Utilizing Popular Myth and Folklore

Disclaimer: the above image is of a concept that does not exist…yet.

Nevertheless, there have been multiple instances in which myth and folklore have been used in popular fiction. One example is Stan Lee’s concept of Thor, who of course is a god with a hammer wielding the fury of the heavens (lightning) whose father is Odin and lives in Asgard.

This is almost exactly the image of Thor from Norse mythology. Stan Lee didn’t change very much, if explicitly anything at all. He only lent his viewpoint and spun some of the details his own way. He borrowed (or should I say, stole) things from other realms to complete his idea.

This isn’t the only case. This can run from Percy Jackson to Narnia to others (to say nothing of how many Robin Hood remakes are out there), each taking elements from old tales (some true, some myth) to make a modern story. Like they say: don’t reinvent the wheel. There’s no shame in taking a good idea that is no longer used.

Now, before you immerse yourself in nerdy lore…know that that was what I was just about to recommend. But listen a moment longer: yes, it’s a good idea to go off to the Wikipedia and read everything you can about obscure characters from mythology, but there’s one more thing you have to spot: the concept.

You see, getting the knack of this technique is more than just a simple “oh, I can just copy the whole thing”. That’s not how it works, and this even applies to larger parts of lore: don’t just copy and paste large segments of old stories into your work. The idea is to grasp the concept.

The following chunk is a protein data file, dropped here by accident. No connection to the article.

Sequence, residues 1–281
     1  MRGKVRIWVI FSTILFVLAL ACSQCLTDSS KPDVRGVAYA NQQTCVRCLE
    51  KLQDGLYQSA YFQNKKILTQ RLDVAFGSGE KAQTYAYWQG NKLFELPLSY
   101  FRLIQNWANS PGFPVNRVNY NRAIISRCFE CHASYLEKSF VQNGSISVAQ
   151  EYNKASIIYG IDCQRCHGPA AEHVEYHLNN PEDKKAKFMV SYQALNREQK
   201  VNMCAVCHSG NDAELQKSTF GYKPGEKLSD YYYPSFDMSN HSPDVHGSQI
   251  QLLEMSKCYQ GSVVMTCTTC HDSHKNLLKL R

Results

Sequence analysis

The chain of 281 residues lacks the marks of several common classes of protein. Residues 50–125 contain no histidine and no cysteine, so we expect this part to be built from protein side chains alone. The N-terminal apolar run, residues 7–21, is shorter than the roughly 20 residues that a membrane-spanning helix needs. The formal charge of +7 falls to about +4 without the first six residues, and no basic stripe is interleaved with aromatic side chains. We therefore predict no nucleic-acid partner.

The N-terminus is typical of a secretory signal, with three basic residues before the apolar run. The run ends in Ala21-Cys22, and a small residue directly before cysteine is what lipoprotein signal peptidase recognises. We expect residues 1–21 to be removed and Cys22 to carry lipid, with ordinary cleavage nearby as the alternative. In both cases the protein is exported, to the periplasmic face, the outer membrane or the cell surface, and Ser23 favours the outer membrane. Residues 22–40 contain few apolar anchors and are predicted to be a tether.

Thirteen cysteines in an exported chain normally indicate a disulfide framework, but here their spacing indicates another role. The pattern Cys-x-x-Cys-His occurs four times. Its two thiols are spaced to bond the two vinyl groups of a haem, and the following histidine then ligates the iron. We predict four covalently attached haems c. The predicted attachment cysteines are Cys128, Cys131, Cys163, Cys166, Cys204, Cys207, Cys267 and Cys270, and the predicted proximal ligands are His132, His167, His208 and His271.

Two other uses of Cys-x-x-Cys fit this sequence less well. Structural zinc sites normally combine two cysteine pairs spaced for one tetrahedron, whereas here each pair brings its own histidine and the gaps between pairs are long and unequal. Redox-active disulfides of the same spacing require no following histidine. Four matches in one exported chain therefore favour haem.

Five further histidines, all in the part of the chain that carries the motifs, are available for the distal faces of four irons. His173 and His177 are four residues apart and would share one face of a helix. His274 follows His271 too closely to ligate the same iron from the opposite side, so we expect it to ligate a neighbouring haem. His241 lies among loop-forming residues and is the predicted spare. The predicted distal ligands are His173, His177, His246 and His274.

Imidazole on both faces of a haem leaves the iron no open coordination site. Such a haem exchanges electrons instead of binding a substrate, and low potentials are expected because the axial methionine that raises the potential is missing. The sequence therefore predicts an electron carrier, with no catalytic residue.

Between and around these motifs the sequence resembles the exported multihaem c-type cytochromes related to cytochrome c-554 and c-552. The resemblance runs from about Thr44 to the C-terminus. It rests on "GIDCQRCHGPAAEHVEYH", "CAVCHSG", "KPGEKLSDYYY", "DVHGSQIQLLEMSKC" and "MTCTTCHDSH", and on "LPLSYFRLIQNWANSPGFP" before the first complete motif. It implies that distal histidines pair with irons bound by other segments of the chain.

The concept is going to be much smaller than plot or characters. The goal is to take certain things about those plots and characters and use them with enough original thinking on our side. Things about the plot and characters are different from the plot and characters themselves.

Practice looking at the small details. For example: I read Greek mythology and see that the God Hermes has winged sandals, a magic cloak, and a magic wand, as well as a feathered cap. What if I want to incorporate this into my sci-fi story? Well, take a few aspects: let’s say, the winged sandals, the magic cloak, and the name.

Those are qualities that Hermes possesses, not who Hermes is. However, your goal wasn’t to rewrite a Greek myth with minor changes, you want to write your own story. So I take the said elements of Hermes, and I introduce the reader to a laser-gun-wielding masked rocket-booted (how winged sandals transmute into sci-fi), heavily cloaked (hides his body, also a reference to the cape) revolutionary named Hermes. For an added bonus, I’ll just throw in that he ferries messages for the Interplanetary *blank* Guild (Hermes was the official messenger of the gods).

A judicious reader might see the connections, but I doubt that they will not appreciate your choice. I doubt they’d be like, “This is the cheapest piece of crap I’ve ever read. This is blatantly (subtly, actually) a mooch off the Greek myths. What a rip-off.” I don’t think that this will be your fate if you so choose to do this.

The myths of old possess a lot of material to work with. They’re useful for more than just campfire stories: the characters, plot, and concepts are folk-generated and carefully crafted. It’s like the difference between an artisan hand-made sword and a mass-produced one.

Good luck, and happy writing!


Published by Van Ghalta

A cold, dark, mysterious character who purposefully wrote a story so that he could fit into it...A story where he himself WRITES stories, practices martial arts, blogs, plays airsoft, collects MTG trading cards, plays outdated video games, and writes weird, third-person bios for himself...

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